“It’s definitely helpful for us because we don’t yet feel comfortable with indoor seating,” she said. “In the summer, you get a few rainy days, but overall people are willing to sit down outside almost every day. And a lot of people prefer to sit down outside right now, much more than usual, for safety reasons.”

The restaurant’s deck can only fit two to three tables while maintaining the 6-foot distance requirement. With Walkable Main Street, the staff can set up an additional six to nine tables in parking spaces. It essentially doubles Kelnero’s seating capacity on the weekends.

“The first sunny Saturday, we easily doubled our sales,” Kelnero said. “All of a sudden we were in the position where we could recoup some of the losses we’ve had in the last four months. For us, that’s huge. It was pushing a record sales day for us.

“To get numbers like that, it makes you want to cry because it’s like, ‘Oh my god, we might actually survive this thing.’ ”

Shubert Ho, co-owner of Salt & Iron and The Mar-Ket, said his restaurants have approached normal revenue levels thanks to Walkable Main Street. Without the expanded seating outdoors, he said they make less than 50% of their pre-COVID revenues.

“It’s a great way for us to continue to operate in a pandemic economy safely,” Ho said. “We’ve been able to seat more people, and more people are willing to come eat in an outside environment just because of it.”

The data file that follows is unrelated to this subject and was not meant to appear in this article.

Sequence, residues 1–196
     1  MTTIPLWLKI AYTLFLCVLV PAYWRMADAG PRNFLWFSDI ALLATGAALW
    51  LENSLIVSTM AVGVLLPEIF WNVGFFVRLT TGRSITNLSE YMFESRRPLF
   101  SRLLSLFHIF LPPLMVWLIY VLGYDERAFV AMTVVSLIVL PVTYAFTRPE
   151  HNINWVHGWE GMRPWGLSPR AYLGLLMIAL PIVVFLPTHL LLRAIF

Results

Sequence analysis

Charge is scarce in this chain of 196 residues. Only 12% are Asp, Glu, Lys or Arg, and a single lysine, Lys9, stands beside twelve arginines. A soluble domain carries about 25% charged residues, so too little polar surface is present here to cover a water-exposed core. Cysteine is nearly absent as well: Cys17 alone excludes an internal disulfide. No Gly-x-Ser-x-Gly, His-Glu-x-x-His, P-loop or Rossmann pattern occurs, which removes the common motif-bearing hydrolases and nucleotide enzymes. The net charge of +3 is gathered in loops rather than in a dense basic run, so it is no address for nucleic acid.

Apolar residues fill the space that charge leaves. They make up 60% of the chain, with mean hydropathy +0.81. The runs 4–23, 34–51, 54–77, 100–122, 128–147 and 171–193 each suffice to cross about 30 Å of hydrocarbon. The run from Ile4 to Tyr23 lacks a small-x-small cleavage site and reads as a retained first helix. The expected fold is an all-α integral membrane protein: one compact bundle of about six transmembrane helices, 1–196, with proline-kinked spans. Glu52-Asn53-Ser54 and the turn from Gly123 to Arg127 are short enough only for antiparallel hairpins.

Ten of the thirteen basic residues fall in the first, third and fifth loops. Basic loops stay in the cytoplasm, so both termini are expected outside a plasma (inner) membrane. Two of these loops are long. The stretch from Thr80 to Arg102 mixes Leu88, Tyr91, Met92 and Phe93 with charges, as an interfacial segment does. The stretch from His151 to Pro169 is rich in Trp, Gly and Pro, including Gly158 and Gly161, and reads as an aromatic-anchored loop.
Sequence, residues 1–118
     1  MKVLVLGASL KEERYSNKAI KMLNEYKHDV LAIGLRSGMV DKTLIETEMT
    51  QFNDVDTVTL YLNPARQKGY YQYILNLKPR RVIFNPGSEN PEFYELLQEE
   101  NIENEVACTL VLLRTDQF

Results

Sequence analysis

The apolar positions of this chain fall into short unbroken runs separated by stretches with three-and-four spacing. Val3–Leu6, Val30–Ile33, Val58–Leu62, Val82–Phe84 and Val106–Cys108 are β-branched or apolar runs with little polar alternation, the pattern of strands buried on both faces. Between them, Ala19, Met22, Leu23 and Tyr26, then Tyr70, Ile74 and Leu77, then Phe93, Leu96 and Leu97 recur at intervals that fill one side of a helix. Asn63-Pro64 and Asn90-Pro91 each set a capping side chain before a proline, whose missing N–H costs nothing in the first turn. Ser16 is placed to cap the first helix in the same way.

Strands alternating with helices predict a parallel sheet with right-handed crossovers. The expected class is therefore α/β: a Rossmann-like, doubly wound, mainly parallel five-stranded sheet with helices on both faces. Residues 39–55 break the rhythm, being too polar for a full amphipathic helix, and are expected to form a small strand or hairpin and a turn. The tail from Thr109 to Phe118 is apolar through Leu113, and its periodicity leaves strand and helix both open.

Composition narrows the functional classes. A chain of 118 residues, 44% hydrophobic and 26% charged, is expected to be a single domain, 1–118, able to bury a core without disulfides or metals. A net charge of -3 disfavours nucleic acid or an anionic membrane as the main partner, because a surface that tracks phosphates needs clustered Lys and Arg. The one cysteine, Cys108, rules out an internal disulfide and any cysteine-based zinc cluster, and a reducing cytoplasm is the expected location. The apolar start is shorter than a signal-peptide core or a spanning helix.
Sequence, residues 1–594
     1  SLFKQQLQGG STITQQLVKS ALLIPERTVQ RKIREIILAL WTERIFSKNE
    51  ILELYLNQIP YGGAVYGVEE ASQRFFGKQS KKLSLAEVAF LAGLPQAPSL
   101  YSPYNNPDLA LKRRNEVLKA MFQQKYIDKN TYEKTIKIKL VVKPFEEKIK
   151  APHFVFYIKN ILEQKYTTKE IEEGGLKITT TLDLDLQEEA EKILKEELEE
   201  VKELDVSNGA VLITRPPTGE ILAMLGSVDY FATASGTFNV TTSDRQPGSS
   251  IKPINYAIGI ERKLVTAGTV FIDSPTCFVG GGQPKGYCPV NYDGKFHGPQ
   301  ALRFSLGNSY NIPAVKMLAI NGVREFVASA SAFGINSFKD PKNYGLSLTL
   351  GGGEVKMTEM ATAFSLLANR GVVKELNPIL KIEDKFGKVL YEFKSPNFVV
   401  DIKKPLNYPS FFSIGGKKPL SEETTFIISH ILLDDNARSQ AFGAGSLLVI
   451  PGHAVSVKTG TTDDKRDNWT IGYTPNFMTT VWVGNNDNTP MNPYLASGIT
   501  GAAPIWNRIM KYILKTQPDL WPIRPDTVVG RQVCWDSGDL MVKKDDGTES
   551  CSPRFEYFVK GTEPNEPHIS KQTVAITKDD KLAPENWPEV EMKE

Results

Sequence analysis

While most of the restaurants are all for the closing of Main Street, some of the retailers have told the city they don’t like that the initiative limits street parking. If their customers can’t park in front of their store, they worry they’ll lose those sales.

Ho and Kelnero said they recognize that Walkable Main Street hurts some businesses. But they point out that the Edmonds initiative has more pros than cons when it comes to helping the economy in the long term. They asked retailers to give it some time.

The city’s Walkable Main Street initiative not only makes it easier to maintain social distancing while strolling downtown, but also helps businesses get the sales they need to stay alive. (Kevin Clark / The Herald)

The city’s Walkable Main Street initiative not only makes it easier to maintain social distancing while strolling downtown, but also helps businesses get the sales they need to stay alive. (Kevin Clark / The Herald) Purchase Photo

“By closing the streets, we might be taking away some parking, but we also aren’t getting the same tourism we have historically,” Ho said. “Maybe with a little trial and error over the next few months, we’ll be able to see the benefits of it as a whole.”

It’s OK if you don’t feel comfortable dining out the first time you visit downtown, Doherty said. As more and more businesses adapt to reopening in Phase 2, he said, the hope is you’ll feel safe enough to patronize your favorite restaurant or cafe again.

“We’ve had a lot of people say that they’re not interested in going downtown because it’s too crowded on the sidewalks — it doesn’t allow enough room for social distancing,” he said. “But when they can walk out into a 30- or 40-foot wide street, it’s a different story.”

Doherty said Walkable Main Street, which launched June 20, will continue on Saturdays and Sundays for the foreseeable future.

The traffic circle around the fountain downtown continues to be open to cars. Vehicles are still allowed to make U-turns there.

Find a map of Main Street closures and parking availability at www.edmondswa.gov.

Sara Bruestle: 425-339-3046; sbruestle@heraldnet.com; @sarabruestle.